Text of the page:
The Finished Object Stash

Thankyou to everyone who left compliments about the cashmere gloves in the comments of my last post. I’m pleased to report the gloves behaved themselves during the blocking process, which took the curl out of the cabled cuffs so they lie flat and neat now. (You couldn’t see that in the photos. Which was sneaky of me.)

I’ve been mitre-ing away on the vest, watching it grow square by square. A bit of test felting has happened for a Bag Lady Swap bag. I’m heartened to read that other bag makers are thinking of making more than one bag just in case their first attempt doesn’t work. Though whether I do will depend on how much time the first takes.

Last night I also started a gauge square of the grey Cleckheaton Country Silk I bought at the ACS mill shop. I can’t help thinking the Jo Sharp ‘Ribbed Wrap Jacket’ would look lovely in this, with a black collar. The yarn is an 8ply and the bodice of the jacket is knit in aran weight yarn, so I’ll have to do a bit of recalculation. And possibly dye up some of the country silk for the collar, as it doesn’t come in black.

Today the beau and I tackled the issue of knitwear storage in the wir. This is how I was storing my jumpers, vests and cardigans:

Basically in blanket bags, which protected them from moths, but made it hard to find and get to a garment. Inevitably I was leaving a small number out, exposed to greeblies, and wearing just that small selection because I couldn’t be bothered hunting for anything else. This wasn’t a big problem yet, since I don’t often wear knitwear in summer anyway. But come autumn this arrangement was going to drive me nuts.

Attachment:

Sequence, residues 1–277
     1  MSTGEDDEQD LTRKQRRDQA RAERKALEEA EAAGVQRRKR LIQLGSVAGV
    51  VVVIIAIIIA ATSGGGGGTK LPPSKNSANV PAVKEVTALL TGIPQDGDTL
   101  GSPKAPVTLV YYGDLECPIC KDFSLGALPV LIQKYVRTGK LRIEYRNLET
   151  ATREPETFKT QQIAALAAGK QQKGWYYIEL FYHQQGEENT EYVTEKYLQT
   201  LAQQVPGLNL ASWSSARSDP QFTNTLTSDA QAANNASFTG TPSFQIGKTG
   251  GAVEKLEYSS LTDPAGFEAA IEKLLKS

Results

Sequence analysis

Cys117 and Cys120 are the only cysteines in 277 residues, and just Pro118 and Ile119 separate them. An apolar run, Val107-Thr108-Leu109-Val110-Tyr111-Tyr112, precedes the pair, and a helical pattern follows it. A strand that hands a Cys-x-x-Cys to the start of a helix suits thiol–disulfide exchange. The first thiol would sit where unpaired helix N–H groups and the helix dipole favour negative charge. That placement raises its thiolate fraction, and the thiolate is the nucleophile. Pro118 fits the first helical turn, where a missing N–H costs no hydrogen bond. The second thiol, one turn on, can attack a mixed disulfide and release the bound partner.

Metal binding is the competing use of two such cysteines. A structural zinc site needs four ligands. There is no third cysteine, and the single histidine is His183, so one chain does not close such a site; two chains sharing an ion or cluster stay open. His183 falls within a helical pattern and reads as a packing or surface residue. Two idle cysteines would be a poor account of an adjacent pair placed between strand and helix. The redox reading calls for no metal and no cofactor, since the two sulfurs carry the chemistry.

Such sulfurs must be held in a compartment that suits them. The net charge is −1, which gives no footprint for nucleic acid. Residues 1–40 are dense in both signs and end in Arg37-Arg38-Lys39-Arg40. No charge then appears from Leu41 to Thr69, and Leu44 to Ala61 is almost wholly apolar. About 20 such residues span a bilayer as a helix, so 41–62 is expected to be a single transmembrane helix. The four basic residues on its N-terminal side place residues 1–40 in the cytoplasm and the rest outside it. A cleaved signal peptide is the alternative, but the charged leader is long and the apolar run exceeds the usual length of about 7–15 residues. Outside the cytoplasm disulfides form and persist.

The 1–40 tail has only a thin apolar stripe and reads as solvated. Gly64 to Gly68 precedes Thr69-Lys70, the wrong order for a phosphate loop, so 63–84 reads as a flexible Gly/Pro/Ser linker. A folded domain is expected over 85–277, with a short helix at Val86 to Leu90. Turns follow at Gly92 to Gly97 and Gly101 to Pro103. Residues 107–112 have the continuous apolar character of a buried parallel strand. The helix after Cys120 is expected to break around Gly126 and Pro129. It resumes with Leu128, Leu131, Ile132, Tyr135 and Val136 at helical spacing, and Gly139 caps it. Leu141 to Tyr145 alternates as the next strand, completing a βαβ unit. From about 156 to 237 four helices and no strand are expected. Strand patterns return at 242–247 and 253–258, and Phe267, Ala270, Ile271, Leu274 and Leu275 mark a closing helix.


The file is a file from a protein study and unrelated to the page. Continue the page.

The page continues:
This is my new knitwear storage solution:

Open shelving from Bunnings, and cloth storage boxes with ‘windows’ from Howards Storage World. The open shelving and cloth boxes will allow the knitwear to still ‘breathe’, and allow in the smell of the camphor I’ve got hanging under the shelves, but not moths. (Unless, of course, they decide to eat the cloth.) The ‘windows’ allow me to see what’s inside the boxes, and having lots of smaller boxes makes it easier to get to what I want.

I’ve never had an issue with moths, and for years I’ve had my knitwear stacked on shelves in wardrobes, uncovered. I reckon the camphor does deter the moths (real camphor – mothballs give me headaches and nausea) and washing all my knitwear once a year, in early spring, probably helps too.

As the beau pointed out, there’s plenty of space between the shelves. We could get another shelf in there. So there’s lots of room for more FOs. No need to stop knitting any time soon. Not that I would. But it’s nice to know there’s no need to do a cull of knitwear just yet.